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Mycobacterium tuberculosis (M.tb) has co-evolved with humans for thousands of years, to cause tuberculosis (TB). The success of M.tb as a pathogen is in part because of the ways in which M.tb evades and exploits different cell subsets, to persist and cause disease. M.tb expresses numerous molecules to prevent its recognition and destruction by immune cells. The only licensed vaccine against TB, Bacillle Calmette-Guerin (BCG), is effective at preventing disseminated disease in infants but confers highly variable efficacy against pulmonary TB in adults, particularly in the developing world. A greater understanding of the reasons for this variability, together with a better understanding of the early, innate, and non-antigen specific mechanisms of protection would facilitate the design and development of more effective vaccines.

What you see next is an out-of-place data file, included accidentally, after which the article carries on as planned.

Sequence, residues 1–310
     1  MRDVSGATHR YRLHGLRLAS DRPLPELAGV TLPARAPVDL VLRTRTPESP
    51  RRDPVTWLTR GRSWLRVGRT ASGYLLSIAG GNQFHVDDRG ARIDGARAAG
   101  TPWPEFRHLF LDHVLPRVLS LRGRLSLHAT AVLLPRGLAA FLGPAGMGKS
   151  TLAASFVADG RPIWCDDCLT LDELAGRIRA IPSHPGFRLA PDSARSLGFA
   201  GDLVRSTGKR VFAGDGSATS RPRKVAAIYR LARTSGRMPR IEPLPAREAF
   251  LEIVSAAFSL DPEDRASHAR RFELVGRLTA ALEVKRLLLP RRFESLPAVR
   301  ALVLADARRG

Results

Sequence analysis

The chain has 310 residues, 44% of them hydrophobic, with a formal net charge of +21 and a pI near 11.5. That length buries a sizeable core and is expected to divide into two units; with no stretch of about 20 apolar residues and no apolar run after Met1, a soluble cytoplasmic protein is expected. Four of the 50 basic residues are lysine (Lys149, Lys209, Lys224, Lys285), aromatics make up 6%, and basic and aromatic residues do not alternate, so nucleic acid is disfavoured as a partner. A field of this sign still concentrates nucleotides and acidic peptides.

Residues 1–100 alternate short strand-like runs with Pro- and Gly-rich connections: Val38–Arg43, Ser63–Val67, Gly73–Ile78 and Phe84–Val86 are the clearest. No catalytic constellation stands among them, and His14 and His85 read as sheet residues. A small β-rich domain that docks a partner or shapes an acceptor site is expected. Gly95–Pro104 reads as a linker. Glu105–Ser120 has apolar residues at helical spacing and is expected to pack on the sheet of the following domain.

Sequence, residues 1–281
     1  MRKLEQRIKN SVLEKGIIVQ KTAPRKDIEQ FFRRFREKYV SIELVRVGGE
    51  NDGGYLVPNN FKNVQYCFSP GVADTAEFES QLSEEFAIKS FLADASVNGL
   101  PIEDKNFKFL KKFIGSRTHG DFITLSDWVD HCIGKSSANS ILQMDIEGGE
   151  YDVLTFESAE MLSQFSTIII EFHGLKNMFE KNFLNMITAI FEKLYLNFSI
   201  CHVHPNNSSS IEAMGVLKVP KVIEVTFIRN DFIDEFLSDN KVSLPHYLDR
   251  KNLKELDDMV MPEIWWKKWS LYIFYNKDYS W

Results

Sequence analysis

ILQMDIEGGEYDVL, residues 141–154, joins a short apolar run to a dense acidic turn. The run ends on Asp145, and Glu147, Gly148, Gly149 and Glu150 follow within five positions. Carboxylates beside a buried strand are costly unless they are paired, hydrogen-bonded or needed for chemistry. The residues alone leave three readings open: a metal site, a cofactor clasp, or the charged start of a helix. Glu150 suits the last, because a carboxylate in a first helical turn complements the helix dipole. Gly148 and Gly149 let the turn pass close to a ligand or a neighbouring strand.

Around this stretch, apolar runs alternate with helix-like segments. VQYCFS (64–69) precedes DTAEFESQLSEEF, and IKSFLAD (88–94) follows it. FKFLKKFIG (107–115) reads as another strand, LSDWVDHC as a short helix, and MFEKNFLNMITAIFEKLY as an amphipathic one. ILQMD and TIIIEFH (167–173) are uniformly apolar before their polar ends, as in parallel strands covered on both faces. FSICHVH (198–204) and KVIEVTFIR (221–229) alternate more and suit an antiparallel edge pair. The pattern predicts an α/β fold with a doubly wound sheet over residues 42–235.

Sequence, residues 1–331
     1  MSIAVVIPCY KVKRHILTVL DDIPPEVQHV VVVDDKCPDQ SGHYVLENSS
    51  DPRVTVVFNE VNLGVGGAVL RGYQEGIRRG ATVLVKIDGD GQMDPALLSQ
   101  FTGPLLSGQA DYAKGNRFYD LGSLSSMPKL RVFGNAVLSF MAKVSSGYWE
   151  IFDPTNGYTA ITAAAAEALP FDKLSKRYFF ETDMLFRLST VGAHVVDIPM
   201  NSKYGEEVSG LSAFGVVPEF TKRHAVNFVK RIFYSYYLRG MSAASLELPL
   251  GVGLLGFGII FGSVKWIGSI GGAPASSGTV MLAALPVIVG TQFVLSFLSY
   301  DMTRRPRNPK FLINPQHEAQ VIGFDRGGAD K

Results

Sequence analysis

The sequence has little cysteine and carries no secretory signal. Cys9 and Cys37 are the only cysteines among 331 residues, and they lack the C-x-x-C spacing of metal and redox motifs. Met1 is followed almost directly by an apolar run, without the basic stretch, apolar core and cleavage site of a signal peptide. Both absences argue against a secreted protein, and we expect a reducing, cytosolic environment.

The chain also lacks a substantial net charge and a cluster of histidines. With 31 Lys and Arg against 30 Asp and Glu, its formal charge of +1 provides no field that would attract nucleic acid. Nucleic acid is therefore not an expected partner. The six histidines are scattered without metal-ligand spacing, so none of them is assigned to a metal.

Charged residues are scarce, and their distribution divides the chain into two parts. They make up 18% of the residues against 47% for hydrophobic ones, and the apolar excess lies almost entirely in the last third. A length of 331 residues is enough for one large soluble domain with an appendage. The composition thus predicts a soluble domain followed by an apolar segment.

Original publication




Journal article


Expert review of vaccines

Publication Date





1009 - 1013


a The Weatherall Institute of Molecular Medicine , University of Oxford, John Radcliffe Hospital , Oxford , UK.


Humans, Mycobacterium tuberculosis, Tuberculosis, Tuberculosis Vaccines, Drug Discovery